We're one step closer to a drug that will mimic the positive health effects of exercise without actually requiring us to break a sweat.
Scientists have found a way to manipulate an important 'exercise sensor' in artery walls, publishing their study findings in the journal Nature Communications. The goal is to one day be fully able to switch this sensor on chemically, to help people too frail or ill to exercise to still get the health benefits.
"We know that exercise is a great protector against conditions such as cardiovascular disease," study author David Beech of the University of Leeds told IBTimes UK. "The general idea is that exercise must give this protection in some way by sensing the mechanics of exercise."
But how this really happens at a molecular level has been unknown until now. Previous studies have shown that the protein Piezo1 reacts to increased bloodflow through the arteries leading to the stomach and the intestines. During exercise, Piezo1 triggers these vessels to constrict, limiting the blood flow to the digestive system. This frees up more blood to go to where it's needed – the muscles.
In Beech's experiments, he and his colleagues looked at what happens when mice don't have a functional gene for Piezo1. Previous studies have shown that if a mouse embryo doesn't have Piezo1, it dies.
None of the mice embryos engineered to not have this protein developed into functional babies, let alone adults. This could be because the protein is likely to have many distinct functions in the body. It's not just found in the arteries – it's present in the mouse's gut lining, the kidneys and even the brain.
In the most recent study, the team waited until the mice reached adulthood to disable Piezo1, and found the results were quite different. These mice seemed more or less normal in their day-to-day activities. They were normal weight and seemed to be active and healthy. When they were faced with the exercise wheel, though, differences in these mice began to appear.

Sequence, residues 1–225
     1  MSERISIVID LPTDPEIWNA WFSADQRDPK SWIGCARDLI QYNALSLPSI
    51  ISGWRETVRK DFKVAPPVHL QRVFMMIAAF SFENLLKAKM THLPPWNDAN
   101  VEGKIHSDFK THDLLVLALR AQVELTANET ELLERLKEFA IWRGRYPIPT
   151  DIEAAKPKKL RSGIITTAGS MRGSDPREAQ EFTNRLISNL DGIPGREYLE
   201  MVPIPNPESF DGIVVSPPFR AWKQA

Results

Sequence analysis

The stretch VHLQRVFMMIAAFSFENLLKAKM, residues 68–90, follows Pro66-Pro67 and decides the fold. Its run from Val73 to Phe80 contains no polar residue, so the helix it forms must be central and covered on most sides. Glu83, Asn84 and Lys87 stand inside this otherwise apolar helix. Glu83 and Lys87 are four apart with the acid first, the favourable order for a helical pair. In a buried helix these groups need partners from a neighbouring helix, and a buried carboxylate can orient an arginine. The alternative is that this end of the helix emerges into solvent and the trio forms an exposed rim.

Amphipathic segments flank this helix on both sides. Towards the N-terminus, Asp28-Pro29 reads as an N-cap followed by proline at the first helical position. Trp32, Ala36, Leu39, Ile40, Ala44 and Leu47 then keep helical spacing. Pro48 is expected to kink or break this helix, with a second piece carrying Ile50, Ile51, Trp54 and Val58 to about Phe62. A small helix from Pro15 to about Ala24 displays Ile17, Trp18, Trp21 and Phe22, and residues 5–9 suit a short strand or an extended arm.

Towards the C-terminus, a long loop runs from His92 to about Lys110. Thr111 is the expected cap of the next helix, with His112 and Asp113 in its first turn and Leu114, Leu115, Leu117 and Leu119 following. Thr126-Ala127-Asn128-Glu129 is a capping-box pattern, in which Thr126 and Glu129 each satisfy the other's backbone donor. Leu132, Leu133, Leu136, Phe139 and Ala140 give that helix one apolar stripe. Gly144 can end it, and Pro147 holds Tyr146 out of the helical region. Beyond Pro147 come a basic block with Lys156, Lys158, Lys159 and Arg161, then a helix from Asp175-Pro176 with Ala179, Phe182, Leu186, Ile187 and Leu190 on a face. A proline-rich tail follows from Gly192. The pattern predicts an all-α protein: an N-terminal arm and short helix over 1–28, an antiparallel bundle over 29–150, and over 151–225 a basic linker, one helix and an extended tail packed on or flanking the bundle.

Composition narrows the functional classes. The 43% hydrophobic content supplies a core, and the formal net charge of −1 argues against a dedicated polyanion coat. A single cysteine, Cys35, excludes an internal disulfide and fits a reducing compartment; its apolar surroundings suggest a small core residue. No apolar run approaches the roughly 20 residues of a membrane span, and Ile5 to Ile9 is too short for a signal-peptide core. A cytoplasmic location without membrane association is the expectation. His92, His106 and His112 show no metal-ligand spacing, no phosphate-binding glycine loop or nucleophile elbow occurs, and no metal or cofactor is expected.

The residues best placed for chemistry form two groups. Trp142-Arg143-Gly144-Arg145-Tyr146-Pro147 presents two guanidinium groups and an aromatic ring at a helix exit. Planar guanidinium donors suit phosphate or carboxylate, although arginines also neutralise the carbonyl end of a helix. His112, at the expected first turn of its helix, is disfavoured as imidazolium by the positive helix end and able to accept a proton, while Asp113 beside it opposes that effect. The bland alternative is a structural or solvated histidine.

"Their performance is less good during their bursts of activity on the wheel. They lose more weight during exercise, suggesting it's more difficult for them. Their running bouts the distance they run is less than in the mice with a functional Piezo1," said Beech.
The team also discovered that introducing a compound called Yoda1 on mouse tissues in a dish seemed to simulate the tissue's response to increased blood flow. This could be because it's acting on Piezo1, making it an interesting candidate to pursue for a potential exercise pill.
"The next stage would be to use a modified version of Yoda1 in the animal itself," Beech said.
It's possible that there are many different 'exercise sensors' like Piezo1, so stimulating just that may not be enough for a viable exercise pill. Nevertheless, Piezo1 is the first protein to be found that specifically is triggered by a mechanical change that happens during exercise, making it an important target to pursue.
"Our hope is that it could replicate health benefits of exercise without actually having to exercise. This could be a massive benefit to people who have an injury or a disability or who are already unwell," Beech said.
On the subject of potential adverse effects from taking an exercise pill, Beech said that if the pill was a close enough mimic of exercise, there would be little reason to worry.
"What is fascinating about exercise is that it provides health benefits, as far as we know, with no negative effects.
"Of course there's the risk of injury, but normally exercise is a way to safely protect yourself against health problems. If you can truly replicate this with a drug, I would expect no negative health effects to be associated with it."